While drive thrus continue to explore and experiment with new technology, experts warn that any operator looking to fix up his drive thru should not rely too much on these new tools.
Take order-confirmation screens and pre-recorded greetings, both growing in popularity at the drive thru. These tools can help streamline service, but one expert says they shouldn’t be substituted for treating customers right for the few minutes they’re on the lot.
“We don’t see that as a negative, as long as you’re adding to it the personal follow up. Just because we put all that in there, we can’t look at it as a substitute for the personal touch,” says Chris Tripoli, president of A’La Carte Foodservice Consulting Group.
With the mechanization of other industries, like banking and grocery-store checkouts, Tripoli says giving the customer a few seconds of individualized attention is key, whether it’s suggesting an item or simply making them feel appreciated. “Those little personal touches are more important now than they’ve ever been,” he says. “We’re not getting very much service in other parts of our day. So I would stress customer service.”
Tripoli says many drive-thru wrongs can be righted with changes in the menu, systems, or labor management. But sometimes a broken drive-thru calls for even more drastic adjustments.
John Miologos, executive vice president of architecture, engineering, and construction management for global retail and food design firm WD Partners, says operators should pay particular attention to layout, communication, and product delivery when surveying their physical spaces. He says the most common drive-thru design flaw is not segregating the drive thru from walk-in functions in a quick serve. Many quick serves were originally created when walk-in service was the majority of the business. Now that drive-thru business continues to dominate quick serves, he says, some operators may need to rethink their entire setup.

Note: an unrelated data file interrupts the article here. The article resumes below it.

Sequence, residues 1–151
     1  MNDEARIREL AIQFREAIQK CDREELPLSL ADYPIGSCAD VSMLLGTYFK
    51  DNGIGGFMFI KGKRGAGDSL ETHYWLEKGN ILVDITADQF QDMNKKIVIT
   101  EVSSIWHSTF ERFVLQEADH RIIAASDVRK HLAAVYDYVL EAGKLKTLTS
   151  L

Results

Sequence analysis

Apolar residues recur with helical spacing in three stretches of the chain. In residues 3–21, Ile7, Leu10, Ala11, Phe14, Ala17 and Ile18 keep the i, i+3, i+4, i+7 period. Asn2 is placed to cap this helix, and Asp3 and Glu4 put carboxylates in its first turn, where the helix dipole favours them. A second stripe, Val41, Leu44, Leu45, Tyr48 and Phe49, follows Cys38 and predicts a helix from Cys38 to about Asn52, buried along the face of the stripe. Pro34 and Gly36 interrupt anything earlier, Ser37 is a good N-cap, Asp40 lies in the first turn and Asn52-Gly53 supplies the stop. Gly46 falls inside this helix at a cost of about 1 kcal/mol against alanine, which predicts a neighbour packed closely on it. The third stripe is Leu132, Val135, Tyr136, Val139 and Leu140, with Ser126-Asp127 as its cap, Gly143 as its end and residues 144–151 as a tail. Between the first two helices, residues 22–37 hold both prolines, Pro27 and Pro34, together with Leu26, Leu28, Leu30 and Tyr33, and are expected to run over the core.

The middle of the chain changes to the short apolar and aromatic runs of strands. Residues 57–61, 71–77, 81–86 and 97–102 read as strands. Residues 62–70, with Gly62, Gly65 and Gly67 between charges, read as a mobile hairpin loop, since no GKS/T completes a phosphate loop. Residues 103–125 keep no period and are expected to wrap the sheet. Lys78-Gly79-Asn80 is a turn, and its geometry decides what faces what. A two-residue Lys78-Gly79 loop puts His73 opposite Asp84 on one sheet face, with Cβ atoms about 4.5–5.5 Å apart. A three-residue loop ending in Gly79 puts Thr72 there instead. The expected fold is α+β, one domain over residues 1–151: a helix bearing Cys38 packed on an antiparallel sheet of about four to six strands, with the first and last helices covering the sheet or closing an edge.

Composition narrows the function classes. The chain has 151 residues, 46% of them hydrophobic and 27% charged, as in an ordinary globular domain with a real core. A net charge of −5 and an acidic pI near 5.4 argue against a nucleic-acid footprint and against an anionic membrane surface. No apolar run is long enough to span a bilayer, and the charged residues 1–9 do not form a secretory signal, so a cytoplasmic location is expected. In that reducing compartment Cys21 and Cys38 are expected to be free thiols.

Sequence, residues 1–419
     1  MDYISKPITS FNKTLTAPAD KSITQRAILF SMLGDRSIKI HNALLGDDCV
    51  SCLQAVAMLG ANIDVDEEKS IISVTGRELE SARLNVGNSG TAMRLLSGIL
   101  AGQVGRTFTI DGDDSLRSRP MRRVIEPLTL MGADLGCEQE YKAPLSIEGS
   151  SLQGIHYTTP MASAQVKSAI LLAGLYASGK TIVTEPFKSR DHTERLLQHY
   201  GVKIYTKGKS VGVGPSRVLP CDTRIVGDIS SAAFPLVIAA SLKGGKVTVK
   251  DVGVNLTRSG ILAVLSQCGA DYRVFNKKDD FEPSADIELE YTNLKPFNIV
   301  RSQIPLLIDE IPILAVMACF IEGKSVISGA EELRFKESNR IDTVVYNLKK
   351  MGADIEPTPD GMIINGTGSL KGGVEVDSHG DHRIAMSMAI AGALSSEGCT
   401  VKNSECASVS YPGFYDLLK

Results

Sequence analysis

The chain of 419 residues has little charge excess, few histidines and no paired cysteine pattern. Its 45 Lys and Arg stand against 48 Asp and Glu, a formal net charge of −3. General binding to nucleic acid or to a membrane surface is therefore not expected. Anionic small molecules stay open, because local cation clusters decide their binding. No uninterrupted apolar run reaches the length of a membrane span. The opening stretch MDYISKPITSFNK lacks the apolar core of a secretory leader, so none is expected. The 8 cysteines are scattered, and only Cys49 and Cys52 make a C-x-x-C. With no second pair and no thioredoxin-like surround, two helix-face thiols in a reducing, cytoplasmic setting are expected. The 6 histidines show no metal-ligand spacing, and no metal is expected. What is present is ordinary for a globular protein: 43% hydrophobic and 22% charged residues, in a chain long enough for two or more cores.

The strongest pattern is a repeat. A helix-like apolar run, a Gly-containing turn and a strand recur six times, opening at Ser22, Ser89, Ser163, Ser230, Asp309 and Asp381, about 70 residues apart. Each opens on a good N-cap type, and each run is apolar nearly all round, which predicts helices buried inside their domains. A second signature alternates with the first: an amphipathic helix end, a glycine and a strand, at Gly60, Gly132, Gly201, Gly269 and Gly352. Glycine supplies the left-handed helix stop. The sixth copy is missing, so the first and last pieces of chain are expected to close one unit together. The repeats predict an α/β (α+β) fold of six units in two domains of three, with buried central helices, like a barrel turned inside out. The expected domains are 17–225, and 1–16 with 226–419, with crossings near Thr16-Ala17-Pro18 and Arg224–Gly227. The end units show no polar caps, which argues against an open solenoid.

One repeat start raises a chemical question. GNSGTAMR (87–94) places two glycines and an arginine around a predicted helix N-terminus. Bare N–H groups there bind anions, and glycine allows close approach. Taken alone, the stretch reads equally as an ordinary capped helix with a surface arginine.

“The ones that work the best are the ones that understand those are two very different operational systems that have to be housed in that area, one serving the drive thru and one serving the in-store customers,” Miologos says.
Drive thru dos and don’ts
- Create checklists for systems and procedures
- Constantly train and retrain staff and managers
- Offer rewards for staff and manager performance
- Ensure that drive-thru staff know the menu
- Create a fun and competitive work environment
- Make sure each job function isn’t overworked or underworked
- Make menuboards and other signage simple and easy to read
- Think of your drive thru as a different segment than walk-up business
- Stick with the core menu offerings
- Let technology trump the personal touch
- Try to sell everything at the drive thru
- Keep unpopular or slow-to-cook menu items
- Let customers sit unattended at the speaker or the window
- Sacrifice customer service for speed
- Make customers spend a second longer than is necessary on the lot
- Lose sight of what the competition is doing
- Put inexperienced or untrained workers at the window
- Jump to invest in new equipment or technology before you look at internal systems